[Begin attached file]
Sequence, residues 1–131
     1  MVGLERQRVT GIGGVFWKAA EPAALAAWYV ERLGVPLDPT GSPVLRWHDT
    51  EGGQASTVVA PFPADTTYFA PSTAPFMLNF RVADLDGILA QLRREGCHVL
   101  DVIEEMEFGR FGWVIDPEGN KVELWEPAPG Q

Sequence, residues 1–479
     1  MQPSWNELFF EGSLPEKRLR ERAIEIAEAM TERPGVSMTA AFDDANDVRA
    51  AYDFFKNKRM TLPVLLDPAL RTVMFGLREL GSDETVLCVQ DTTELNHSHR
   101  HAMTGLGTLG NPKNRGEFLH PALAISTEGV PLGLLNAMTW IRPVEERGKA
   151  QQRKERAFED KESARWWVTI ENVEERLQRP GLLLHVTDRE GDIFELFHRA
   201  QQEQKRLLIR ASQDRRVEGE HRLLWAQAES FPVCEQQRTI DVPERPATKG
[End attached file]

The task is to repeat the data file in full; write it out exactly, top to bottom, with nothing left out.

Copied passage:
Sequence, residues 1–131
     1  MVGLERQRVT GIGGVFWKAA EPAALAAWYV ERLGVPLDPT GSPVLRWHDT
    51  EGGQASTVVA PFPADTTYFA PSTAPFMLNF RVADLDGILA QLRREGCHVL
   101  DVIEEMEFGR FGWVIDPEGN KVELWEPAPG Q

Sequence, residues 1–479
     1  MQPSWNELFF EGSLPEKRLR ERAIEIAEAM TERPGVSMTA AFDDANDVRA
    51  AYDFFKNKRM TLPVLLDPAL RTVMFGLREL GSDETVLCVQ DTTELNHSHR
   101  HAMTGLGTLG NPKNRGEFLH PALAISTEGV PLGLLNAMTW IRPVEERGKA
   151  QQRKERAFED KESARWWVTI ENVEERLQRP GLLLHVTDRE GDIFELFHRA
   201  QQEQKRLLIR ASQDRRVEGE HRLLWAQAES FPVCEQQRTI DVPERPATKG